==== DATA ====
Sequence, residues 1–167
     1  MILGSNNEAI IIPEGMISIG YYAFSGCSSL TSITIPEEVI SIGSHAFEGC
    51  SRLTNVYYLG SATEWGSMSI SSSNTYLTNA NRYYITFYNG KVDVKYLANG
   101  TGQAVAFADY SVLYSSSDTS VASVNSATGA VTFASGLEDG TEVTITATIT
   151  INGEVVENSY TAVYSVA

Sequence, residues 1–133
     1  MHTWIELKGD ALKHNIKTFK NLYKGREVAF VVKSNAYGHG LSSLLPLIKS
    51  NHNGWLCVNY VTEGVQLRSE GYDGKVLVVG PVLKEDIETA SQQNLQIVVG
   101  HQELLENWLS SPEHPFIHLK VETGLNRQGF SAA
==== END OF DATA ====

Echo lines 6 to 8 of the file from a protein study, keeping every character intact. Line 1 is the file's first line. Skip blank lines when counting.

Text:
Sequence, residues 1–133
     1  MHTWIELKGD ALKHNIKTFK NLYKGREVAF VVKSNAYGHG LSSLLPLIKS
    51  NHNGWLCVNY VTEGVQLRSE GYDGKVLVVG PVLKEDIETA SQQNLQIVVG